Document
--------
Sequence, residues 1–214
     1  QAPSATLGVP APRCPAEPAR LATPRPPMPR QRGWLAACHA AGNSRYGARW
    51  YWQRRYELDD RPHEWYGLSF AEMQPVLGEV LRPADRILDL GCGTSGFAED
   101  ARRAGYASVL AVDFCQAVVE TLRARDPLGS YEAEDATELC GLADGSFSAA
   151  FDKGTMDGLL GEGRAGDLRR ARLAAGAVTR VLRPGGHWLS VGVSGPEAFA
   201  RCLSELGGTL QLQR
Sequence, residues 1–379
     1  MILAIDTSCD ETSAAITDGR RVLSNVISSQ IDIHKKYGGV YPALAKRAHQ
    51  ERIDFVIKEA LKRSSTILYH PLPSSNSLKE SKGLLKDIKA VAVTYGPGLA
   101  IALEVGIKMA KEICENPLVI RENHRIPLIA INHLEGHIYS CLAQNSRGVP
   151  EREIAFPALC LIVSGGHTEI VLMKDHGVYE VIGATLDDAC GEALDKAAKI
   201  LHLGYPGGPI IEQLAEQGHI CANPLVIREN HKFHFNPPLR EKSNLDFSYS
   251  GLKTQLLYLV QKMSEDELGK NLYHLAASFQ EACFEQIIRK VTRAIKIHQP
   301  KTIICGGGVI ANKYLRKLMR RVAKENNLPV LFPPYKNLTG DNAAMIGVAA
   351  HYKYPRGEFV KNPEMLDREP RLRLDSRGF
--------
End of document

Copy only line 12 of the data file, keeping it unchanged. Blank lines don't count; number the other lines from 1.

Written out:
   201  LHLGYPGGPI IEQLAEQGHI CANPLVIREN HKFHFNPPLR EKSNLDFSYS